It is very hard to have a sense of belonging to a group when the group doesn’t have a clear name and image.

If we want a person to feel part of a group and balance the needs of the group against his or her own needs, the group will need a name and image that is at least as strong as that people. 

Being a member of a group is a great feeling. Creation of small identities in the team form can help in empowering the sense of belonging to a small group, while at the same time it helps the larger group.

The names and logos which were chosen in collaboration with people themselves:

Logo and Name of teams

4. Mission over backlog and to-do list

The steps above are good, but not enough. In fact, in addition to daily tasks, teams need larger goals. At this point, it was declared, based on the scope of the business being discovered, that teams have a clear mission to answer the question “Why are we here?”.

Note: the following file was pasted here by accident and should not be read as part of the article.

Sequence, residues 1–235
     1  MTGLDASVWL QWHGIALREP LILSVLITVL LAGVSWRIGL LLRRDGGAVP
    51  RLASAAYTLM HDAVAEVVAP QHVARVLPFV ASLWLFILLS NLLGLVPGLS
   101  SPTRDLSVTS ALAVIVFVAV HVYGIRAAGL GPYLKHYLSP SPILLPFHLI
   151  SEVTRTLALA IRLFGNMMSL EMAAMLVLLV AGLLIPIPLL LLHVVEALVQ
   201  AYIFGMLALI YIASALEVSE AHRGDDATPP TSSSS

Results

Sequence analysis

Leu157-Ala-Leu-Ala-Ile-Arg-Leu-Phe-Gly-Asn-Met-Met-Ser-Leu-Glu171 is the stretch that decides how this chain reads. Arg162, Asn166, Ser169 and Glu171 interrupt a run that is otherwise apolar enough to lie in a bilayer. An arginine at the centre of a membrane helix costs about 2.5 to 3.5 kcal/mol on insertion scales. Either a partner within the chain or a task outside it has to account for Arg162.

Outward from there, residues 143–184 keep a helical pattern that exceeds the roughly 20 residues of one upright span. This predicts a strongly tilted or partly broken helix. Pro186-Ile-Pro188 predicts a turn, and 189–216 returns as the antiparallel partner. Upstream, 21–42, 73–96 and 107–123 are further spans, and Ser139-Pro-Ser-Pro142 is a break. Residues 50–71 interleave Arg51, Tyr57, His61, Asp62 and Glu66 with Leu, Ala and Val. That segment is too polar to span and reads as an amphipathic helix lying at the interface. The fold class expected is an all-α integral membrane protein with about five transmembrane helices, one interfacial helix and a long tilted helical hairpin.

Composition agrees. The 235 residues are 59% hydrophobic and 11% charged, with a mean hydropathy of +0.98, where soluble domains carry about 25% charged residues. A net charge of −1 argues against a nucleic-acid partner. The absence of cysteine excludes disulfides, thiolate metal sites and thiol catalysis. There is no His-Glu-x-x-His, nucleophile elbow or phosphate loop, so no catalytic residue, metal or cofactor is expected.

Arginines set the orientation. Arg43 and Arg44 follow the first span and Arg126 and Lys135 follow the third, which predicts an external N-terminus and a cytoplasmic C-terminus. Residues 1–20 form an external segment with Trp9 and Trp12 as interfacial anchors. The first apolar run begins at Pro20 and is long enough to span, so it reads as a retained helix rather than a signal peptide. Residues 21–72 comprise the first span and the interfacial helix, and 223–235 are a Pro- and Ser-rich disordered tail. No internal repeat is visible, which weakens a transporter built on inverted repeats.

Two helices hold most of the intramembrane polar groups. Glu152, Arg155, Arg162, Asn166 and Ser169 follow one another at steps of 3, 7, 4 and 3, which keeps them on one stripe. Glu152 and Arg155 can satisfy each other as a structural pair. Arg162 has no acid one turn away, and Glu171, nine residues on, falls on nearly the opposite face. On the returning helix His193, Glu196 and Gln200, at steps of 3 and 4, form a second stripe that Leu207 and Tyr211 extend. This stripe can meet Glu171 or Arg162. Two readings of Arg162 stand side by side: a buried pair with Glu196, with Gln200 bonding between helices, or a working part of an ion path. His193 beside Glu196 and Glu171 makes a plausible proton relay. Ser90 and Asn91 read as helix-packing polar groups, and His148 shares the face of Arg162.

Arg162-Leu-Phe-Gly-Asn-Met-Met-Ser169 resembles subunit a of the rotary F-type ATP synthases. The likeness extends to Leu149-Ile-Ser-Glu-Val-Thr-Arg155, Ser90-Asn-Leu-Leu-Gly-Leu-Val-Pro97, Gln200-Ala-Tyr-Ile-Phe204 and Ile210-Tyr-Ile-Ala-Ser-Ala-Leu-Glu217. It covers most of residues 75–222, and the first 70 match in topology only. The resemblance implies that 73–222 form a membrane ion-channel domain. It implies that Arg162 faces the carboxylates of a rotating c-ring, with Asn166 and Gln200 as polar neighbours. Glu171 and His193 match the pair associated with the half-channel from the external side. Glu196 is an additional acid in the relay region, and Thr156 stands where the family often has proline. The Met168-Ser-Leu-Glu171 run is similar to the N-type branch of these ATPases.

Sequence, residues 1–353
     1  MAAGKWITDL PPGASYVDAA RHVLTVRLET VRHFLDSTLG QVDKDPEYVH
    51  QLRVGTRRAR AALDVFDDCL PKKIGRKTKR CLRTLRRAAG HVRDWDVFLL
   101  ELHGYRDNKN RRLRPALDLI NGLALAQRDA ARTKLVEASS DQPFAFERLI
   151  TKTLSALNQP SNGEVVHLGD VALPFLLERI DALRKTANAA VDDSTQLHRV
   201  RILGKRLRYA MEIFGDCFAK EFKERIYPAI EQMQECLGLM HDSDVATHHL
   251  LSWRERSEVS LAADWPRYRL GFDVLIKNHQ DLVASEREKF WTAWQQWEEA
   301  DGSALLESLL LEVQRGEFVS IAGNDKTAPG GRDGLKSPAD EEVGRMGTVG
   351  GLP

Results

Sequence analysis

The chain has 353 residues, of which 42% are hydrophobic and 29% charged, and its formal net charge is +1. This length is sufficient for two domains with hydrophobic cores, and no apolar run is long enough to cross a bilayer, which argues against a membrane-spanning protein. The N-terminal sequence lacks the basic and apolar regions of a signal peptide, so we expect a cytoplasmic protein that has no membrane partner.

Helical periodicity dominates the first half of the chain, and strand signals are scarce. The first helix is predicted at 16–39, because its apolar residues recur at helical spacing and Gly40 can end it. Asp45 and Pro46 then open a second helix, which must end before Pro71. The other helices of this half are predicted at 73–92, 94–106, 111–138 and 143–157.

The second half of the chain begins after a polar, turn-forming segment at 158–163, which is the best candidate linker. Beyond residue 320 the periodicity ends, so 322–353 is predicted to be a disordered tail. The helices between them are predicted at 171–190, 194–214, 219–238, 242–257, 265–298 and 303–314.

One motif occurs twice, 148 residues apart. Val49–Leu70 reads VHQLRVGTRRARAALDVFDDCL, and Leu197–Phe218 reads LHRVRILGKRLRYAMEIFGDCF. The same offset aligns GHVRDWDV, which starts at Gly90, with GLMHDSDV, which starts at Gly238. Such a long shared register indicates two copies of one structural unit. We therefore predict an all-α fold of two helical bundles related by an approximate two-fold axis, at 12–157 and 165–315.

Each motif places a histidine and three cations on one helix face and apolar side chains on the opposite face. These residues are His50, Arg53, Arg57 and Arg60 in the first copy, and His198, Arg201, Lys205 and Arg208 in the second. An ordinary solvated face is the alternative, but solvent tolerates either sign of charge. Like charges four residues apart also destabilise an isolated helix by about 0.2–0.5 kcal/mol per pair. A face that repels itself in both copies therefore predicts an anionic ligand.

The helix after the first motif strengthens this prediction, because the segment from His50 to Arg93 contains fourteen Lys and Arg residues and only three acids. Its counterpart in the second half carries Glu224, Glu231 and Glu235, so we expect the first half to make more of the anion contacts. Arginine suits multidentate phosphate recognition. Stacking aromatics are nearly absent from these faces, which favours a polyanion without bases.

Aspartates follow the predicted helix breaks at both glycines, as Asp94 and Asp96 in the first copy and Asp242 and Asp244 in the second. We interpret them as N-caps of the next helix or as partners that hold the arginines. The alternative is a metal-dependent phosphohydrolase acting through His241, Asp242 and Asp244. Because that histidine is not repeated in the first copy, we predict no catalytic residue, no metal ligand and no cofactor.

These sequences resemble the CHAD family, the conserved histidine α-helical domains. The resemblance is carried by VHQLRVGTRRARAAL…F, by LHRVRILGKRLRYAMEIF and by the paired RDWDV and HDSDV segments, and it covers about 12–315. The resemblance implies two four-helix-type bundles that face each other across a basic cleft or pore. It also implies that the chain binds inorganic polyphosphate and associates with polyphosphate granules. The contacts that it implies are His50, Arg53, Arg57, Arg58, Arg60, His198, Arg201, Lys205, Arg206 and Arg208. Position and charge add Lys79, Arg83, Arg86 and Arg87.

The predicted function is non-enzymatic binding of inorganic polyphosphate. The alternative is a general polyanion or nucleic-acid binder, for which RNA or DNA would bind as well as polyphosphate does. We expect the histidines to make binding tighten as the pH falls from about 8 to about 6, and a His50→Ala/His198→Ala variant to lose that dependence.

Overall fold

In assigning a mission, it was tried not to focus on tasks or activities, but to think about the impact of things. What is the result of our daily activities?

Teams with mission

Let’s have an example. Imagine the team’s mission is to reduce “Transaction Infraction” in a bank which is beyond a daily basis. The team has to reduce the number of financial violations. It is about doing a meaningful job. Now, team members have a great reason for celebrating… If I was one of them, I would have enjoyed it 🙂

5. Repeat and repeat and repeat

The repetition of the names and mission in different events is the secret of survival otherwise, they will soon be forgotten. In this situation, team leaders, managers, and product owners play an important role.